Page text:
The United States Department of Agriculture has documented one case of a ferret in Oregon contracting the flu from an infected owner and several pigs contracting the H1N1 virus from humans.
"This is the first case we've heard of in cats, and I'm curious to know how the case presented itself," Rowell said.
"The good news is that it appears that the cat and the family members have recovered just fine."
Although ferret owners are experienced in dealing with human-to-ferret flu, cat owners may not be and veterinarians have some specific recommendations.
If an owner is worried that their cat or dog has the swine flu, veterinarians recommend that owners not rush to the local vet's office demanding an H1N1 test.
"If people are going to their vet with their cat or dog, there's not, to my knowledge, an easily accessible way for vets to test them for H1N1," Johnson said.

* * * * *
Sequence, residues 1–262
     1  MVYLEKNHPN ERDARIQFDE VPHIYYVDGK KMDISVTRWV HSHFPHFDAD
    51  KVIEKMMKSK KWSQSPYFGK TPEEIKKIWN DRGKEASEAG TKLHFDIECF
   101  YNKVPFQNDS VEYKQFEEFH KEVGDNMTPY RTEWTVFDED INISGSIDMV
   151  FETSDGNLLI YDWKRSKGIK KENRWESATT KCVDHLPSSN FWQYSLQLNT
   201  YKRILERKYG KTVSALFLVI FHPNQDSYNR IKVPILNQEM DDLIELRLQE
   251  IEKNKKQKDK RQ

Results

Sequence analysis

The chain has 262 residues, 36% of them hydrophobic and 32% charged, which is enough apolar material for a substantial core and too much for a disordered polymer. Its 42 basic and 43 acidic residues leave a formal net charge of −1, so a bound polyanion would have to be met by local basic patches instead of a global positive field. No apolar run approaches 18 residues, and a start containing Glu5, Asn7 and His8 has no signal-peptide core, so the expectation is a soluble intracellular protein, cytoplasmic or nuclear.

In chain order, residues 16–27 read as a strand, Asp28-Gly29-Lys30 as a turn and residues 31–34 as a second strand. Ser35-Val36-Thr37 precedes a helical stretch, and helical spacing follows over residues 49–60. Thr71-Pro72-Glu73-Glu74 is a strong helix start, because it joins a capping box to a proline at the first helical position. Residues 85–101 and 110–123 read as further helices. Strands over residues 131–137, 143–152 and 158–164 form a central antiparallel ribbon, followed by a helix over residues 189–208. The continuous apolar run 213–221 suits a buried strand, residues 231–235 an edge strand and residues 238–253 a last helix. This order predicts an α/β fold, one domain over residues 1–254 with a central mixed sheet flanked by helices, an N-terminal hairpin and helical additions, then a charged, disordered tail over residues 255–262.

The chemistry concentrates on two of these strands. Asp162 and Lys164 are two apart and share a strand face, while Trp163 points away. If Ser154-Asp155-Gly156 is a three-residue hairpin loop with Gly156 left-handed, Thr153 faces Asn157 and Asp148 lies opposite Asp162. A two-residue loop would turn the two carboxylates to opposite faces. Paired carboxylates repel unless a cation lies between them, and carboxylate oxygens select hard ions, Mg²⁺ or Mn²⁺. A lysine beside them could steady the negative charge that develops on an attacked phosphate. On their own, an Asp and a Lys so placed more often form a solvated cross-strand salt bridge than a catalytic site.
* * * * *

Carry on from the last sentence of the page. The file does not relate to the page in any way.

To protect the household from pet flu infections, veterinarians recommend the same precautions families should take when a person falls ill.
"Wash your hands before and after touching your pet, and avoid sneezing on your animal," Rowell said. "And if you suspect your pet has the flu, do not treat him or her with drugs yourself, bring them in to your veterinarian. Treating them with over-the-counter flu medicines may do much more harm than good."